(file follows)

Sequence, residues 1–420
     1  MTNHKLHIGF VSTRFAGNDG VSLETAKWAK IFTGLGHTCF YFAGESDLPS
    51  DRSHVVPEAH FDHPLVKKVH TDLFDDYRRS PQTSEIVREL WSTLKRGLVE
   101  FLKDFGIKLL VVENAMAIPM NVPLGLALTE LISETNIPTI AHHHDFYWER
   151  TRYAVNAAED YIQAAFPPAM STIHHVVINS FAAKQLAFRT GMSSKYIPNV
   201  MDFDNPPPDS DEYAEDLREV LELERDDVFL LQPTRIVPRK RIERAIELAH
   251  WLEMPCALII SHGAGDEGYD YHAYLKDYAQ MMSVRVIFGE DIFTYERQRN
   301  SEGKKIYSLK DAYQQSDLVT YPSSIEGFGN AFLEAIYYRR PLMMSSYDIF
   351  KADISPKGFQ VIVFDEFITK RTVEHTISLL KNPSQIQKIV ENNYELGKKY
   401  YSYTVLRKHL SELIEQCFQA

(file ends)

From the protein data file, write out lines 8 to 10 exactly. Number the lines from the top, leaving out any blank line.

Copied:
   301  SEGKKIYSLK DAYQQSDLVT YPSSIEGFGN AFLEAIYYRR PLMMSSYDIF
   351  KADISPKGFQ VIVFDEFITK RTVEHTISLL KNPSQIQKIV ENNYELGKKY
   401  YSYTVLRKHL SELIEQCFQA